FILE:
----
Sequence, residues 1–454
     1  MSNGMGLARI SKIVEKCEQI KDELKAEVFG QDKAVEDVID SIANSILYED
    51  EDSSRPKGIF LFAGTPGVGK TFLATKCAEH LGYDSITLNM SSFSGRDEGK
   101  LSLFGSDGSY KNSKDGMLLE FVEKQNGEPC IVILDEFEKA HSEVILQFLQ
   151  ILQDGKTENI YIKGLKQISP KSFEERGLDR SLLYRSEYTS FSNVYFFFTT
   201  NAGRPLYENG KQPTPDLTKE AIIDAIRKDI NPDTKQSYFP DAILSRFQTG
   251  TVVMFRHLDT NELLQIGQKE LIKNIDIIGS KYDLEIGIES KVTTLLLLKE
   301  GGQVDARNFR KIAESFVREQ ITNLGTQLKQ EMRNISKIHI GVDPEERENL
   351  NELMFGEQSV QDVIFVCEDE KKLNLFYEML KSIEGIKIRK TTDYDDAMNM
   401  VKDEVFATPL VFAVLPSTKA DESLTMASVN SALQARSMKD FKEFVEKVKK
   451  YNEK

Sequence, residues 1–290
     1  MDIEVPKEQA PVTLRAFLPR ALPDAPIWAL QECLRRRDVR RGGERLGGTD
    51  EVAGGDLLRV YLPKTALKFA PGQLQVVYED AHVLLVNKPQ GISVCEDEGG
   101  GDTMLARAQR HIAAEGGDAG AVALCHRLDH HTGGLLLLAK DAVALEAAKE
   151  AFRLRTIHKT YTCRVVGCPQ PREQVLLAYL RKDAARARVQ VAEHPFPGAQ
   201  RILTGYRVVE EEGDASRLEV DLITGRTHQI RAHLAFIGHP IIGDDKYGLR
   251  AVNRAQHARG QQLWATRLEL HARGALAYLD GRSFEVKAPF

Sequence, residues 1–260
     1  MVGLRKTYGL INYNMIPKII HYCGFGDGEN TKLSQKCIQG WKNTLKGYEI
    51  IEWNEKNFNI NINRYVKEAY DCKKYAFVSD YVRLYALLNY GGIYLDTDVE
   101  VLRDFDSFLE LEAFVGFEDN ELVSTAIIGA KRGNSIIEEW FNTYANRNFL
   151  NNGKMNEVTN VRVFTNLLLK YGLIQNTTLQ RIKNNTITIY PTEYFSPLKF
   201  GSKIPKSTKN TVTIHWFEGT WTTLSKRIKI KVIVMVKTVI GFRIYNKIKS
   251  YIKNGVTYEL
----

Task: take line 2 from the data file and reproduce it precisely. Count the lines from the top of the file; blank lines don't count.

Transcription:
     1  MSNGMGLARI SKIVEKCEQI KDELKAEVFG QDKAVEDVID SIANSILYED